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Accountability For Board Performance

Last month we asked – "Are leaders ever told the truth?" If we believe the truth to lie in 'they are only being told what they want to hear', then, how can we as shareholders/employees hold our leaders accountable for their actions.

Whose decision is it when a Board Member is to be appointed? Do they have 3-month trial periods before being made permanent? Are they then subject to annual performance appraisals? Aside from the annual or bi annual election by shareholders, how are Boards and Board members appraised?

Do we assume that if you are 'invited', 'nominated' or 'elected' to a board that you have the qualifications and will do a competent job? Recent corporate upheavals would certainly suggest otherwise.

We do take comfort in hearing about people like the new CEO for McDonalds Mr Bell, who "started with McDonalds at Kingsford while still at school…. was an assistant manager at 18 and store manager at 19… vice president at 27… has been promoted to chief executive and president of McDonald's International" Sydney Morning Herald – April 21 These are facts that we can relate to - starting at the bottom and working your way up. Never the less when Mr Bell ascends to the Board as a non-executive member he will be beyond having his personal performance scrutinised.

Employees are subject to performance appraisals. The most effective parts of that process are a Performance Scorecard and a 360 degree assessment that involves feedback from all our work colleagues. When the 360 degree process is conducted effectively with a well structured pre-brief followed by a de-brief, the results for both employee and company are very positive.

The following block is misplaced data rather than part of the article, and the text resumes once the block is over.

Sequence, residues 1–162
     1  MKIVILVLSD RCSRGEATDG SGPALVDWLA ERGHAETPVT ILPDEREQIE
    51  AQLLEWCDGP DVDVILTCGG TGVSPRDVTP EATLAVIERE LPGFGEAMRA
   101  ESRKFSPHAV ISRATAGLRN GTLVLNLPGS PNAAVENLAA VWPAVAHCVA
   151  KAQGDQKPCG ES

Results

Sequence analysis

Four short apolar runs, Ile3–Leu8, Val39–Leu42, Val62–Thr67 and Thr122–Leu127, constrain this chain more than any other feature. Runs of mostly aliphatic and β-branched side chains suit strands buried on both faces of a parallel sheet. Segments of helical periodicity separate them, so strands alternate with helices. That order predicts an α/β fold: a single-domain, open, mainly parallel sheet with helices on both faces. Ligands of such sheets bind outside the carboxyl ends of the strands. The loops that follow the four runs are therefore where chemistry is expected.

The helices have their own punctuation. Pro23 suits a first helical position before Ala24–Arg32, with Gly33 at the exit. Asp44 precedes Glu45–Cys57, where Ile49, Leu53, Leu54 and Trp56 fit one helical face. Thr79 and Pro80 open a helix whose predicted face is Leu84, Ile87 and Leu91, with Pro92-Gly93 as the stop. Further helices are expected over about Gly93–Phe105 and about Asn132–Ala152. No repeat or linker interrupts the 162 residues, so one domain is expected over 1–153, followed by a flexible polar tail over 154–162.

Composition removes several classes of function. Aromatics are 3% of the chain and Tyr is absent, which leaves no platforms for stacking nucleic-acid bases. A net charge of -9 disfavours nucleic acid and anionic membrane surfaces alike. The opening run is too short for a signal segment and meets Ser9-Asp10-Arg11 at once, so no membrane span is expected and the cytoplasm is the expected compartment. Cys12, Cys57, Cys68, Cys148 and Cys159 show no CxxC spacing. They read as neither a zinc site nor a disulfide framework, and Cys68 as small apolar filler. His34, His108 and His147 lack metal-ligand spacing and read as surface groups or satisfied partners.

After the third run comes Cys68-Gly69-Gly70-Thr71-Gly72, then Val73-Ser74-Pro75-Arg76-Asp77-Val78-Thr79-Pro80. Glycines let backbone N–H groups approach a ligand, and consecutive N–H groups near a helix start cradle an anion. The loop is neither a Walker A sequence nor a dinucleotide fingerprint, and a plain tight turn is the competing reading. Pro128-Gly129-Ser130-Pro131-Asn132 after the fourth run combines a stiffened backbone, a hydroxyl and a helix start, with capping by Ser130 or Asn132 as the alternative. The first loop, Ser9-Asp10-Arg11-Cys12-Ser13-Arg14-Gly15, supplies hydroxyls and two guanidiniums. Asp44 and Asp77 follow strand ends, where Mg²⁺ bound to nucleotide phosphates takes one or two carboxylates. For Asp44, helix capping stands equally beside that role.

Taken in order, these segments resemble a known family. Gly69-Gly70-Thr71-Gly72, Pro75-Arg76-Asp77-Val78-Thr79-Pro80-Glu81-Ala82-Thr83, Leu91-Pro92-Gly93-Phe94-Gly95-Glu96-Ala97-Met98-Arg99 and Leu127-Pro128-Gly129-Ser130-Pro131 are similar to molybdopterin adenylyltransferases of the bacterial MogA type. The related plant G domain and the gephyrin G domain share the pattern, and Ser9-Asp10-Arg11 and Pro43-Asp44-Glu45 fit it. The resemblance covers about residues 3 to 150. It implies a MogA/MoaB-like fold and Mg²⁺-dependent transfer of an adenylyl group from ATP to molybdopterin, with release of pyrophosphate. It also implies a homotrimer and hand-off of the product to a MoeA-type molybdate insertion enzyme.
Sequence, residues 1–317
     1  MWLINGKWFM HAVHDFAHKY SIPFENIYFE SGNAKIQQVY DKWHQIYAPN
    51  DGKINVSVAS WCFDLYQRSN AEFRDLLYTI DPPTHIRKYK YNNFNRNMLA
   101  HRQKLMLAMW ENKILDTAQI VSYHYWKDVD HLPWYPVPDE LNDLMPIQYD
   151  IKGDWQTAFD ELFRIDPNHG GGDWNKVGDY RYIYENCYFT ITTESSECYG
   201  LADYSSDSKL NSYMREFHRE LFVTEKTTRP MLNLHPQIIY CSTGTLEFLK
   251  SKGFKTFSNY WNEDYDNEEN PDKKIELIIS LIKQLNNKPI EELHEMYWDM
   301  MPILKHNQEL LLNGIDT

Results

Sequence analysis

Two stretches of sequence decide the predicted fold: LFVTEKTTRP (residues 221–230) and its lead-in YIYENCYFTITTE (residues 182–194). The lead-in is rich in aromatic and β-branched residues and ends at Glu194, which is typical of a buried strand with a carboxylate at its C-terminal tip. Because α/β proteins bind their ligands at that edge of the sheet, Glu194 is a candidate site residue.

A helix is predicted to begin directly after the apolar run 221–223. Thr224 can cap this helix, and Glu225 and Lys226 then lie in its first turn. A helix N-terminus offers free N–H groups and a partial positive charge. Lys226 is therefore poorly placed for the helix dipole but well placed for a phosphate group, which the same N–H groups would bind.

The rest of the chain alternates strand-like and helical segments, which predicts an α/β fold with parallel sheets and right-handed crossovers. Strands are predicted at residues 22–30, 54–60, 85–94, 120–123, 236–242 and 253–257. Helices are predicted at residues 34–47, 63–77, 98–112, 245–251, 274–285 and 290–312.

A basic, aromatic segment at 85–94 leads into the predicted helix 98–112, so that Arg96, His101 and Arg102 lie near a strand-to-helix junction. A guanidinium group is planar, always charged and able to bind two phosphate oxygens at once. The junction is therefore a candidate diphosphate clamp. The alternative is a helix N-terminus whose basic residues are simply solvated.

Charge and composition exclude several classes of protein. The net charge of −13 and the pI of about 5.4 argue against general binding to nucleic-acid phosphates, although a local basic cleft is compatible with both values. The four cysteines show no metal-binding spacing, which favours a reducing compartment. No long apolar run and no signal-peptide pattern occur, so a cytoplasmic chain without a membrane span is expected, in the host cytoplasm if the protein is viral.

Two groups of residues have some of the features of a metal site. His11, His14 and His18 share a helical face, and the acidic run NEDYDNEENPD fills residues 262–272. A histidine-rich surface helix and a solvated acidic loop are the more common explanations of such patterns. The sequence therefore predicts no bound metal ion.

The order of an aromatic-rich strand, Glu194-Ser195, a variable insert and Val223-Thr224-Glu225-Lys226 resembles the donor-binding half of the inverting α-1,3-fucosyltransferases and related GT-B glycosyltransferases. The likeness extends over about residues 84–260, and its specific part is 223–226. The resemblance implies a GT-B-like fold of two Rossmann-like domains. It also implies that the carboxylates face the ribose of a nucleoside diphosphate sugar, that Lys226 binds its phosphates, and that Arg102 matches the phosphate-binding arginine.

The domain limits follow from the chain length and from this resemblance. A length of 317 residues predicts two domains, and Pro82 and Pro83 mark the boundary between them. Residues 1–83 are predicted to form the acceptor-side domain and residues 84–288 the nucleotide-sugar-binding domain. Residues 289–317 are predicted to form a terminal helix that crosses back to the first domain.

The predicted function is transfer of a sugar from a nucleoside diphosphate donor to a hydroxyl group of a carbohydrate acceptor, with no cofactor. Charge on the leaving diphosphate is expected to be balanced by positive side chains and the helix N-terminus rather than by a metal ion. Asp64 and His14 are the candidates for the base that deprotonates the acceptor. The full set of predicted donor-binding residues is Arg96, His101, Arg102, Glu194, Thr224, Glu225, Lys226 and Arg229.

With the increasing focus on the performance of CEO's and Boards, it is refreshing to see that there is emerging support for more structured performance reviews.

Helen Lynch AM, director of Westpac, Southcorp and the deputy chairman of Pacific Brands is: "a strong advocate for one-on-one annual board evaluations, which have been conducted for several years at Westpac. These involve self-evaluation, an assessment of individual directors by other directors and key executives. The process is not widely embraced – Southcorp for example, does a collective review – but Lynch is certain about the benefits. "For a NED to get on a board and think they know it all is very old-fashioned. We have to be into continuing education to keep ourselves up to date and one way of reinforcing that is knowing that the value that you add is going to be appraised annually."" - Company Director, No 3 April – Helen Lynch – A time for balance.

Our article Board Performance - Who Cares? outlines the prevalence of and processes used to appraise Board performance.

What Next?

If you are interested in more information please give us a call on +61 412 026 909 and ask to speak to one of our consultants. 

Alternatively e-mail us at info@emdgroup.com.au or use the form on our Contact Us page.

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